Much as we have mixed feelings about your conduct towards Sergeant Lewis, the broader picture is what concerns us, namely, your attitude to the letter ‘s’, about which you seem, if you don’t mind me saying, to have an irrational prejudice. Poor Lewis has been the butt of your insistence on words ending in ‘ise’ being both incorrect and vulgar, and those that prefer to use that mode, blatantly ignorant of the niceties of English.
‘Z’ it would seem, is what every educated Briton should know is the proper letter to employ for synthesize, brutalize, maximize, mesmerize, demonize and exercize – or is it? Not even Dr. Johnson would insist on ‘exercise’ being spelt other than with an ‘s’; which means that if we are to be consistent, Z should be shown the door, that is, excised, with the exception, of course, when ‘size’ is being used; which would make ‘downsize’ in this context correct and acceptable, were it not for the fact that this is an ugly latecomer pretending to mean something other than ‘make smaller’, that is, ‘sack the staff’.
Personally, I have a soft spot for S in that its serpentine shape is aesthetically pleasing, while Z, in my humble view, sounds harsh and looks harsh, not to mention that its overuse has ruined many a foreign language. In particular I am thinking of the Poles who, in addition to having to suffer one of Europe’s harshest climates, have a language so stuffed with Zs and Ks that even their intelligencia are prone to emigrate to countries that possess a healthier climate of consonants as well as an attractive sampling of sunrise, surprise, enterprise and accessorise.
Of course, you do have an etymological point, Inspector, and with your classical education and your albeit unfinished studies at Oxford, it’s easily understood how you might insist on all verbs deriving from the Greek, izo, meaning to become, make, use or act like, being spelt with a Z. It would follow that Z must be used in legalize, fossilize or economize.
You might also claim that there are far more words warranting a Z than words from the Latin warranting an S, these not necessarily meaning make, use or act, such as revise, compromise and supervise.
Predictably the rather pedantic Oxford Etymological Dictionary, plus a few others tagging on to their tail, insists that the suffix ‘whatever element to which it is added’ is both Greek and Latin, that is, sounding as a Z, ‘there is no reason why in English the special French spelling – in iser should ever be followed’.
It comes as no surprise that the Yanks elected to go the whole hog with their Zs, and even employ the letter in such words as analyze and paralyze. Surely, Inspector, you would not go so far as to lend your support to such inflexible usage.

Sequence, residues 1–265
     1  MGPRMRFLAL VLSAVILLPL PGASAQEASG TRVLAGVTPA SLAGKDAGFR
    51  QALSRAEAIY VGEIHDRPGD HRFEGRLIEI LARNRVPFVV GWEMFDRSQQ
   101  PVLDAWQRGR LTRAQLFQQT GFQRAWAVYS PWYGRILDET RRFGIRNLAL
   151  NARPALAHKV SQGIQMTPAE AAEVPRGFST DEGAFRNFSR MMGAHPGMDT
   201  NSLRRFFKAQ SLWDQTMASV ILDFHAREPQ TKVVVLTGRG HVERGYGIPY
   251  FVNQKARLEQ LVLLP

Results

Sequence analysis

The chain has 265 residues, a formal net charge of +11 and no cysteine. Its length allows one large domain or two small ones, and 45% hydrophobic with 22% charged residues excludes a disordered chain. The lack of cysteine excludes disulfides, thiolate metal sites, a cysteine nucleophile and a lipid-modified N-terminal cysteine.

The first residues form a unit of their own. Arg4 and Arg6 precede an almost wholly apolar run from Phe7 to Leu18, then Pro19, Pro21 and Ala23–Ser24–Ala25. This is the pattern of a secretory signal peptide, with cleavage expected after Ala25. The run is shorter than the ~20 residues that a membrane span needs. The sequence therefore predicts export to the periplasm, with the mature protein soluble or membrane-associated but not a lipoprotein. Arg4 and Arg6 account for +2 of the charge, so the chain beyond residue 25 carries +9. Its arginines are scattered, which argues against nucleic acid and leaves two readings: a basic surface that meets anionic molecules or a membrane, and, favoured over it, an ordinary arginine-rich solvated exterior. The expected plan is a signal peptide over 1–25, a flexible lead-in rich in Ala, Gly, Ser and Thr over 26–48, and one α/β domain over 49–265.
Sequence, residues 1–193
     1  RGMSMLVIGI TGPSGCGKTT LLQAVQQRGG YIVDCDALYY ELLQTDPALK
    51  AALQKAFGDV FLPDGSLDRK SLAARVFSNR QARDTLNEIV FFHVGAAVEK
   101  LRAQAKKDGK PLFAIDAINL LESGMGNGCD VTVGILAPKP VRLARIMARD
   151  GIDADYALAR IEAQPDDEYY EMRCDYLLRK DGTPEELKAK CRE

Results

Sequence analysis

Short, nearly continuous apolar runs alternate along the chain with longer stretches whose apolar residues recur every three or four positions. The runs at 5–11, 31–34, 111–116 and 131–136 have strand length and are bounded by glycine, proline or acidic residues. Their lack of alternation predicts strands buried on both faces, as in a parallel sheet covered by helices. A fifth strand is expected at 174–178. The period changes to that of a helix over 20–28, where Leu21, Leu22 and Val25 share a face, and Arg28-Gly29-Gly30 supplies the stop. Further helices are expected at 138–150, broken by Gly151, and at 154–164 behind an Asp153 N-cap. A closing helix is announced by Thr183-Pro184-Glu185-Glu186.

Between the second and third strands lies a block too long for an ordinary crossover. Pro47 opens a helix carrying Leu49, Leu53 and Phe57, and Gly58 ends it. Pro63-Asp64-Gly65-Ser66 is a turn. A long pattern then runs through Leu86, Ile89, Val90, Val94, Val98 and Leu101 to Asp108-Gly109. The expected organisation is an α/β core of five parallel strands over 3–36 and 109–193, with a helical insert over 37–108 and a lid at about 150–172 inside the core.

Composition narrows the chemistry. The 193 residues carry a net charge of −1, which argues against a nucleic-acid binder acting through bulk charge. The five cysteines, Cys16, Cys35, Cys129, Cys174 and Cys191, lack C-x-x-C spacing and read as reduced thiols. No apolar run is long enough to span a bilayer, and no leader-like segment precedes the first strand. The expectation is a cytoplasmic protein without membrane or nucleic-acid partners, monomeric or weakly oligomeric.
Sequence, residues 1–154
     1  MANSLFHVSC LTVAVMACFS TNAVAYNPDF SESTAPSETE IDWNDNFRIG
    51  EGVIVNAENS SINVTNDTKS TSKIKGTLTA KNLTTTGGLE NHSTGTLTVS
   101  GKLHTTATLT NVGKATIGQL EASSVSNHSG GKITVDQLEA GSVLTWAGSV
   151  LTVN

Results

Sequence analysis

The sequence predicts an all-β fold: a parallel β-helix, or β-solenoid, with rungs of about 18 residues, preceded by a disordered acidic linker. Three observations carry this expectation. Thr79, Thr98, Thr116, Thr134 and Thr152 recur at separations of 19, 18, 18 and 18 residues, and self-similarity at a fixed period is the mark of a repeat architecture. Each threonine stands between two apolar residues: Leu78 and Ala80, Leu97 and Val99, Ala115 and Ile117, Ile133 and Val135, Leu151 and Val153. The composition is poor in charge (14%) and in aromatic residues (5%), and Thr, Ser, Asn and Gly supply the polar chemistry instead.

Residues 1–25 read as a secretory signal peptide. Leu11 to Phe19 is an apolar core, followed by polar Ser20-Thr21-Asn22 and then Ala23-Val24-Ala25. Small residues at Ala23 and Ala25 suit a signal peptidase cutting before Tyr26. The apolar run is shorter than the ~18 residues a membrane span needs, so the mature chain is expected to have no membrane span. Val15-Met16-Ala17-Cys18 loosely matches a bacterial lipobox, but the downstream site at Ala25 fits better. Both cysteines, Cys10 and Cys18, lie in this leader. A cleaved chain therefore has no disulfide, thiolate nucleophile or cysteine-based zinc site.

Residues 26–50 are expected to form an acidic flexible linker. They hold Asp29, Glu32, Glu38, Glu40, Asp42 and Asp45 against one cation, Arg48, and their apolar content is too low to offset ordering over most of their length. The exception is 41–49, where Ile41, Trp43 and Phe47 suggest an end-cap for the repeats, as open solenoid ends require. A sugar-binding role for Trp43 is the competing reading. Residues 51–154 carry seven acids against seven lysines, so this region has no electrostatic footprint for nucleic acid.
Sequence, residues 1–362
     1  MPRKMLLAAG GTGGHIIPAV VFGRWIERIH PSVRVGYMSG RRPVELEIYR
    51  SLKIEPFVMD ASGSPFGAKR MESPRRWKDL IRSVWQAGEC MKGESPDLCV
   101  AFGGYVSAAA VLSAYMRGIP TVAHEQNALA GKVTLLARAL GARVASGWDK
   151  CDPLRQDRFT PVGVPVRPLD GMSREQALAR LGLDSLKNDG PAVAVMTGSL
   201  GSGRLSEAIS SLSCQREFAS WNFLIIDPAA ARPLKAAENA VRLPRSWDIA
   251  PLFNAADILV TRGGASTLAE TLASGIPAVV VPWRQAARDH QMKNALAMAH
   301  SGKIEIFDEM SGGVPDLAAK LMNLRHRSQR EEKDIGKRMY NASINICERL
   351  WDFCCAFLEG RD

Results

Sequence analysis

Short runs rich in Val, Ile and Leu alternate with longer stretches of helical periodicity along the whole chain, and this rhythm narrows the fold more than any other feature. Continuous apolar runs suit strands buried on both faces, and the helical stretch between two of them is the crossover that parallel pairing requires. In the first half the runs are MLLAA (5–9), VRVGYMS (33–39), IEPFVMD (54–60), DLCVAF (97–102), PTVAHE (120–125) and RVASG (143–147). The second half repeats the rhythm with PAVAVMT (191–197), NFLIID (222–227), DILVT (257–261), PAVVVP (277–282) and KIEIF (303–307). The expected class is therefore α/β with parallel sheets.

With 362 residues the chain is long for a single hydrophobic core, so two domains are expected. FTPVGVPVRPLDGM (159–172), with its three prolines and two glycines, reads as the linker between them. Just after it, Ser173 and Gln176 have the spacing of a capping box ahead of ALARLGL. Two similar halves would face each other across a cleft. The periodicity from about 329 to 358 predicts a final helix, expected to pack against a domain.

Finally, I call upon the late Professor G.H. Vallins to support my argument in favour of keeping Zs to a minimum. The Professor was of the opinion that the ‘artificial distinction based on an etymological subtlety that cannot be known to the ordinary man is an unnecessary archaism, and ought to be abolished forthwith’.
That seems to be, in my opinion, Inspector, both a celebration of the common man – namely in this case your admirable Sergeant Lewis – and a paean for equality, something many would think overdue in centres of privilege such as Oxford.
A dedicated follower of your crime-busting (lately on radio, I see), I would courteously suggest that you focus your attention in future on heeding Lewis’ good sense and judgment rather than picking on his use of language. Being from the north, he may not have passed his Eleven-plus, but without him it’s likely you’d have been on the dole long ago and too inebriated even to fill in The Times crossword.
With best wishes from all at ‘Yer Tis.’
Old Roman Road
Ned would be happy to receive comments on the matters discussed above. The editorial team wonders, incidentally, whether information about the promotion of Lewis to the rank of inspector in his own right, complete with his own sergeant (not educated in Newcastle) has reached Wickerstaff, tucked away as it is deep in the heart of the Derbyshire countryside.
Thanks to F.W. who submitted the quiz picture of the Spanish civil war heroine La Pasionara. Her immortal words were, ‘Non passaran!’ Location of the statue: Glasgow.
The Blog is taking a summer break and plans to return in the Autumn. Late correspondence on issues concerning Open Source and the implications of Caroline Lucas’ resignation from leadership of the Green Party will appear in Blog 33.